Asthmatic individuals are at risk of exacerbation of symptoms associated with asthma, and increased need for medical attention, due to exposure to PM.

There are fundamental physical and chemical differences between fine and coarse fraction particles. The fine fraction contains acid aerosols, sulfates, nitrates, transition metals, diesel exhaust particles, and ultra fine particles and the coarse fraction typically contains high mineral concentrations, silica and resuspended dust. Exposure to coarse fraction particles is primarily associated with the aggravation of respiratory conditions such as asthma. Fine particles are most closely associated with health effects such as premature death or hospital admissions, and for cardiopulmonary diseases.

The strongest evidence for ambient PM exposure health risks is derived from epidemiologic studies. Many epidemiologic studies have shown statistically significant associations of ambient PM levels with a variety of human health endpoints in sensitive populations, including mortality, hospital admissions and emergency room visits, respiratory illness and symptoms, and physiologic changes in mechanical pulmonary function. The epidemiologic science points to fine PM as being more strongly associated with some health effects, such as premature mortality, than coarse fraction PM, which is associated with other health effects.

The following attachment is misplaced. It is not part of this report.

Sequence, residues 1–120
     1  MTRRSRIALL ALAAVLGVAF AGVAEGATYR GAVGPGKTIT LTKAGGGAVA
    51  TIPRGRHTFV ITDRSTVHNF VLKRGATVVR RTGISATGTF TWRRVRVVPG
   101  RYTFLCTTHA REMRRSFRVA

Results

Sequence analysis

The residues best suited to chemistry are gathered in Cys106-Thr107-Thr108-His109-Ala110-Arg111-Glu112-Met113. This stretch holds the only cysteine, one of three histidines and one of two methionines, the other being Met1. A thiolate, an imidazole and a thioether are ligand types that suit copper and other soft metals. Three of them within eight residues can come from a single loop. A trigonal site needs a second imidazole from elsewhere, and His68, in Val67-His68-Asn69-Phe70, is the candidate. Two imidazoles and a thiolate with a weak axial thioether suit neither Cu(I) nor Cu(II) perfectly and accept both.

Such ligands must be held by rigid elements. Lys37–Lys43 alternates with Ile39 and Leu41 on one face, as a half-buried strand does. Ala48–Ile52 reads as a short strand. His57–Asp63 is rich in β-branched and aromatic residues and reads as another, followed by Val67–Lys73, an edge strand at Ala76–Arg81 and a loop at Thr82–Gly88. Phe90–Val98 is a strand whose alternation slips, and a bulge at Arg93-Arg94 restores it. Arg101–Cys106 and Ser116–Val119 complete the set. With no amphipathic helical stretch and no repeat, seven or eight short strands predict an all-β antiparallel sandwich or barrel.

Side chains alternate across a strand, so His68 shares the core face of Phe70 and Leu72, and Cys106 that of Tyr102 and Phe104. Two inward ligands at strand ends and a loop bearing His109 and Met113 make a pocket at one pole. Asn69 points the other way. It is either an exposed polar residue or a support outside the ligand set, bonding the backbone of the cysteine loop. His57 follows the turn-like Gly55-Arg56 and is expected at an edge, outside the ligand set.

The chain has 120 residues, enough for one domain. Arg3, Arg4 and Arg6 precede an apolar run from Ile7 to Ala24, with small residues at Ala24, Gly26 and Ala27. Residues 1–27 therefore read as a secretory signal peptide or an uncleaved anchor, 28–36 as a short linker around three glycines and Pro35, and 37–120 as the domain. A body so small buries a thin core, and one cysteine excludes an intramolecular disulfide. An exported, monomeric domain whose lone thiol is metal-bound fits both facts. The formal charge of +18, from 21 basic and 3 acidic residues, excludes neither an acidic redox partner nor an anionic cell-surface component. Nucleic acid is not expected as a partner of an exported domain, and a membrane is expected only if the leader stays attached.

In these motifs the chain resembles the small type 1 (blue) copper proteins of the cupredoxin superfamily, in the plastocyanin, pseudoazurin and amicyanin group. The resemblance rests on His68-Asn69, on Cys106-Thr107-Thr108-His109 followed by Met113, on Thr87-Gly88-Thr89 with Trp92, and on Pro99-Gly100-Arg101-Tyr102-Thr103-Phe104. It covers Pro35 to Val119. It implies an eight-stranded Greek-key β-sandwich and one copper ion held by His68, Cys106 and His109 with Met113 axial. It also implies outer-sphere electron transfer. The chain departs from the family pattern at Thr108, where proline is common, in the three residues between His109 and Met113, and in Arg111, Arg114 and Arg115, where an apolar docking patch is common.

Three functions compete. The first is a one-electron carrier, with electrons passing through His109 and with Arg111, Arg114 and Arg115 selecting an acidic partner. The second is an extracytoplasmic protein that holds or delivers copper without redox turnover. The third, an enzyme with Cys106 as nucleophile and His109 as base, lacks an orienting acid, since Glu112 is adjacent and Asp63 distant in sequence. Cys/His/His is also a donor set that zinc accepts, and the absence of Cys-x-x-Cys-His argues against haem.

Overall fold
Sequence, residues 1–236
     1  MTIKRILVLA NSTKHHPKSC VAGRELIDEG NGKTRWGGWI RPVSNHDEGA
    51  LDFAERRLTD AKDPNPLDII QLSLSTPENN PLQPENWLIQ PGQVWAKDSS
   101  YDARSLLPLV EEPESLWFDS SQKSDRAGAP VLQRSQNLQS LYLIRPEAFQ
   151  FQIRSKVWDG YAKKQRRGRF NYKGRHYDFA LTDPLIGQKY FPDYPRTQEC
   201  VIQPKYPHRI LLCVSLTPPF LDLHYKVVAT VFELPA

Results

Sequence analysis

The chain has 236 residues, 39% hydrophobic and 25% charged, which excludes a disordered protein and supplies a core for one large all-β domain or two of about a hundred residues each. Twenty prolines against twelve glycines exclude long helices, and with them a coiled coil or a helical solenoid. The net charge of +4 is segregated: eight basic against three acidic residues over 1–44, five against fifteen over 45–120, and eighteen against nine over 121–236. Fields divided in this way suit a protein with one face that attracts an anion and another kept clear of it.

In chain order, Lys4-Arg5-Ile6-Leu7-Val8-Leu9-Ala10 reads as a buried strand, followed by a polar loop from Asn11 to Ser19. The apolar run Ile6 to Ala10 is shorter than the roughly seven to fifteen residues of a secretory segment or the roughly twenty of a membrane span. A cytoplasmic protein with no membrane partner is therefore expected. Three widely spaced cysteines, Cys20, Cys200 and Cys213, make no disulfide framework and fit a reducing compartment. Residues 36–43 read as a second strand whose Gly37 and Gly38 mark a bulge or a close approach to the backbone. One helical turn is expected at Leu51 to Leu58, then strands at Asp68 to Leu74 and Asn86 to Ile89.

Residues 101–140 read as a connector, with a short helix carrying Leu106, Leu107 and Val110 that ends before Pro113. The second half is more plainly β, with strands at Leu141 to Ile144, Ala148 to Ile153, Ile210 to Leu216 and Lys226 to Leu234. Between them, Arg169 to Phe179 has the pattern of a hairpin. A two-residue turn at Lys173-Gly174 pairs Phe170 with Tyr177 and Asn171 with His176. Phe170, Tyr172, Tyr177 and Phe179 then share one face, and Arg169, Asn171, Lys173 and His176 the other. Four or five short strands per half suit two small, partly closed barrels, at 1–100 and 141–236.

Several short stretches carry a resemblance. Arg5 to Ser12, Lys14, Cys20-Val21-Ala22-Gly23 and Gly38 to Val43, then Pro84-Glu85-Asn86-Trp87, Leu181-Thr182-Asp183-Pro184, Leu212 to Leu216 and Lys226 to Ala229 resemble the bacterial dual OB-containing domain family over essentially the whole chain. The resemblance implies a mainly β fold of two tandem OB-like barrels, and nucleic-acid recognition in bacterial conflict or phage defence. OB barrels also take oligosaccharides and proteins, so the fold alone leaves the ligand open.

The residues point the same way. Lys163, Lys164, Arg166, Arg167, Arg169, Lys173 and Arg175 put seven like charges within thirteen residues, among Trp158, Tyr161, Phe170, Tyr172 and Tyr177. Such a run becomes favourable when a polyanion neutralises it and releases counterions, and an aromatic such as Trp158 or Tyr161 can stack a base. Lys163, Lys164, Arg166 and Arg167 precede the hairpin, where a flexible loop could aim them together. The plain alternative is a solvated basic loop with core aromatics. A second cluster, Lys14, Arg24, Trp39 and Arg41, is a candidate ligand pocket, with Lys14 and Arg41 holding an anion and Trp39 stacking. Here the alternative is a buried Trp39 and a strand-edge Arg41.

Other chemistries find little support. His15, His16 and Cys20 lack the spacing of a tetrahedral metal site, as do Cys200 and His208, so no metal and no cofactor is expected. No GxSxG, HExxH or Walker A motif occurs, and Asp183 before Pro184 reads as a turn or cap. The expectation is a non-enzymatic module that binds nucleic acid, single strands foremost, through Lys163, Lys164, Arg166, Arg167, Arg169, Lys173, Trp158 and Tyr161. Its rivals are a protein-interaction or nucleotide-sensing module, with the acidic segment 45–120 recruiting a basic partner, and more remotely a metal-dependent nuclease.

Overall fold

Time-series analyses strongly suggest a positive effect on daily mortality across the entire range of ambient PM levels. Relative risk (RR) estimates for daily mortality in relation to daily ambient PM concentration are consistently positive, and statistically significant (at P ? 0.05), across a variety of statistical modeling approaches and methods of adjustment for effects of relevant covariates such as season, weather, and co-pollutants.

Within the body of evidence, there is considerable agreement among different studies that the elderly are particularly susceptible to effects from both short-term and long-term exposures to PM, especially if they have underlying respiratory or cardiac disease. These effects include increases in mortality and increases in hospital admissions. Children, especially those with respiratory diseases, may also be susceptible to pulmonary function decrements associated with exposure to PM or acid aerosols. Respiratory symptoms and reduced activity days have also been associated with PM exposures in children.